Pumori as seen from the Route to Kala PattarLocated in Nepal's Khumbu region as well as occupied Tibet this pyramid shaped 23,495 ft.peak
dominates the skyline behind Kala Pataar (19,000 ft). Anyone who has made the trip to Everest either as a climber or trekker will remember Pumori’s distinctive shape. Named by George Leigh Mallory, "Pumori" apparently means "Unmarried Daughter" in the Sherpa language. Used as a training peak for past Everest teams this peak now is offered as a guided climb by many different companies. There may be as many as 20 expeditions per climbing season.
Gerhard Lenser part of a German/Swiss expedition first recorded the summit in 1962.
To get to Nepal you will have to fly from either India, Thailand or Singapore.
To get to New Delhi India try (there are many others).
Royal Air Nepal
Once you get to Katmandu you will have basically two options:
1 - Fly on Royal Air Nepal’s Twin Otter flights to Lukla. A small air strip about ten days from Everest Base Camp ( eight from Gokyo peak allowing for acclimitization) 1 hour flight approx.
2 - Take a local bus, Mini Bus hired by you or your Sherpa provider to Jiri. This is a small village at the end of the road. From here it is about a 14-16 day trek to the Gokyo region.
If you have the time do the walk. For three reasons:
1 - You will have a chance to walk through one of the most lush and beautiful lowland areas in Nepal. This is an area that a lot of trekkers miss when flying to Lukla. You will also cross over two high passes with excellent views in all directions.
2 - By taking 2 weeks to arrive in the Khumbu are and having already crossed over two high passes you will be better acclimitized once you arrive in the high peaks area. You will enjoy this more as you will be huffing and puffing less.
3 - You will be following the route taken by most of the early expeditions. There is a lot of history along that path, why not soak it up. You will also have the bragging rights that you did the same route as they in years gone by.
Flying is fast and that has its advantages. But if you have ever been at Lukla after several days of no flights after bad weather you will understand this. (Trekkers fighting over seats to make their connecting flights home)
Yes there are permits required. These can be arrainged by yourself or the firm that you hire to support your team. There is also an entry visa to Nepal.The mountain is not climbed from Tibet.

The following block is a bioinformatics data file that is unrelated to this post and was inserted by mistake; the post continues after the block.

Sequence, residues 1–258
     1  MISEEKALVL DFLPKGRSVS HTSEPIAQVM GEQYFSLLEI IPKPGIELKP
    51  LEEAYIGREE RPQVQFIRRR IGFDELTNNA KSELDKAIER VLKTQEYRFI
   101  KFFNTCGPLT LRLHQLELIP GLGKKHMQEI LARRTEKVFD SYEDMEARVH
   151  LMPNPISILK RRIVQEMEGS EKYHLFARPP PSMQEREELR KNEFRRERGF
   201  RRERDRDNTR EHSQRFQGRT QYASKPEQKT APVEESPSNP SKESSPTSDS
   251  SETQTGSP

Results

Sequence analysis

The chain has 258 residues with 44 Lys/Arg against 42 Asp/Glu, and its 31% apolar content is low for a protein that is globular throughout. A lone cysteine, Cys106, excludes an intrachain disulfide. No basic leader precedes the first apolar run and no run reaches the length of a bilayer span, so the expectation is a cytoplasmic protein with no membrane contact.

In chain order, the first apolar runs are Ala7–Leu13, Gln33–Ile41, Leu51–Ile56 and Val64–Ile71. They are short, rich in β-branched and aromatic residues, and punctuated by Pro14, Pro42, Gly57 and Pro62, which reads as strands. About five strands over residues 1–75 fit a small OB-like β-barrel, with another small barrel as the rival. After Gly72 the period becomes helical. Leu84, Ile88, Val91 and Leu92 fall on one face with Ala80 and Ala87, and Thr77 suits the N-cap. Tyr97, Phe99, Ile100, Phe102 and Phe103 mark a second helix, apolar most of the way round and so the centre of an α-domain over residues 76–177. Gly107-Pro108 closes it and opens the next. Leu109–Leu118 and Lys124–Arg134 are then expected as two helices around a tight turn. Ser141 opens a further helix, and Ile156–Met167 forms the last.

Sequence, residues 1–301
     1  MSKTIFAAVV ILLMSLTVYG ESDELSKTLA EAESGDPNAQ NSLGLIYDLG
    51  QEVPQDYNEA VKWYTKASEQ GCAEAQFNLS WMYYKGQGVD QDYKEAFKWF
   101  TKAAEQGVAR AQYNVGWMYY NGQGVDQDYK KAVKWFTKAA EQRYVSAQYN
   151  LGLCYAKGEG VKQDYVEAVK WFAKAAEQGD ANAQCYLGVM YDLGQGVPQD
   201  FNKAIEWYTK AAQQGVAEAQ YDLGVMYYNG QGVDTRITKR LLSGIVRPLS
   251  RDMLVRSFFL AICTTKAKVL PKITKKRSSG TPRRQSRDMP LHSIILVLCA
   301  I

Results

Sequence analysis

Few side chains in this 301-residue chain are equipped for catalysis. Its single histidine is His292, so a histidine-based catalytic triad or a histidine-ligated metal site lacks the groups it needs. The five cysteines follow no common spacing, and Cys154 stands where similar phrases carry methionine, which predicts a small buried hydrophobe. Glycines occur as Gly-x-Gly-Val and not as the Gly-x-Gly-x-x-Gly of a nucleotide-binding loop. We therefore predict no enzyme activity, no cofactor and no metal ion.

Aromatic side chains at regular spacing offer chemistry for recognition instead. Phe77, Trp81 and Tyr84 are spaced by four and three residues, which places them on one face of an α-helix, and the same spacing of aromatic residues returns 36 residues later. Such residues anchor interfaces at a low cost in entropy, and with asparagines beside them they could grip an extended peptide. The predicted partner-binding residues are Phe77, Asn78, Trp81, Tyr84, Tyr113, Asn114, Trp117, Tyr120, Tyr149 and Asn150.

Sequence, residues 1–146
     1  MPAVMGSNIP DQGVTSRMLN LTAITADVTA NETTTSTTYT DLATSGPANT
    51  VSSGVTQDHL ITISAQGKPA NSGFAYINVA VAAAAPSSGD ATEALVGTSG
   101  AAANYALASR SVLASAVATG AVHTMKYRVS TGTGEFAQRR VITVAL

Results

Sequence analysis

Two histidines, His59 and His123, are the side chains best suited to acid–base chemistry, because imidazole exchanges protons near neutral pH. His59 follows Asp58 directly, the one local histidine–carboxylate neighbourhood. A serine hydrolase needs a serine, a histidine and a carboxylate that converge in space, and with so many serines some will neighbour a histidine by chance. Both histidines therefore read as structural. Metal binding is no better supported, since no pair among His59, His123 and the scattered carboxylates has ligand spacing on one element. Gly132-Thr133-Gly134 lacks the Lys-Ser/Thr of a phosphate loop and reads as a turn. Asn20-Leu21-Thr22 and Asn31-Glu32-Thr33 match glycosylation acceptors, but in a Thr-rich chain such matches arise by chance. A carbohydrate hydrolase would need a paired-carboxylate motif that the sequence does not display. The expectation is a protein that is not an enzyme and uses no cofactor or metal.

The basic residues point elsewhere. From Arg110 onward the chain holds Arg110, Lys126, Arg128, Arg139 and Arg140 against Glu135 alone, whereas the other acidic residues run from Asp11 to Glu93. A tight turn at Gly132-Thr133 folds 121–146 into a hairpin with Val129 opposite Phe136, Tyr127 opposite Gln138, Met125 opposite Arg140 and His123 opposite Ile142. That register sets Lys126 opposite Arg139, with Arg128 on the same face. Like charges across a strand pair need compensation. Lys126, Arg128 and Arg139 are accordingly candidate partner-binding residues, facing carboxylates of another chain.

The below can be of help.
The General Secretary,
Nepal Mountaineering Association
Post Box No. 1435,
Treking info from Eza
Date: Apr 29, 2002 06:30 AM
There used to be no problem when I visited Nepal to get that entry visa. At least for europeans, it could be easily obtained in Tribhuvan International Airport (Kathmandu) by means of producing your passport, a couple of photographs and some twenty five US dollars or so.
When to climb and guiding services
September to November and March to May are the most often used windows. The winter months add the eliment of cold and the monsoon the dangers of snow buildup.
If you are not able to climb as a solo expedition try one of these guided ascents. Most of theses groups guide in the Khumbu.
Alpine Ascents International
Jagged Globe submitted by TomBriggs 23/05/02
The trek inFlying into Lukla 9,350 ft.:
(Note walking times are approximate a lot will depend on how you acclimitize.)
Slowly decend to Phakding 8,700 ft. about 2 hr walk from Lukla, you will probably overnight here .
The next morning after about 2-3 hours you will pass through Jorsale 9,100 ft. . Here is where you will pay a fee and enter the Sagarmatha (Everest) National Parkand. You will then continue for another 2-3 hours up hill to the main Village of Namche Bazaar 11,300 ft. This is quite an elevation gain especially for those who have flown in. You should rest here one to two days, doing small side trips ect. to acclimitize.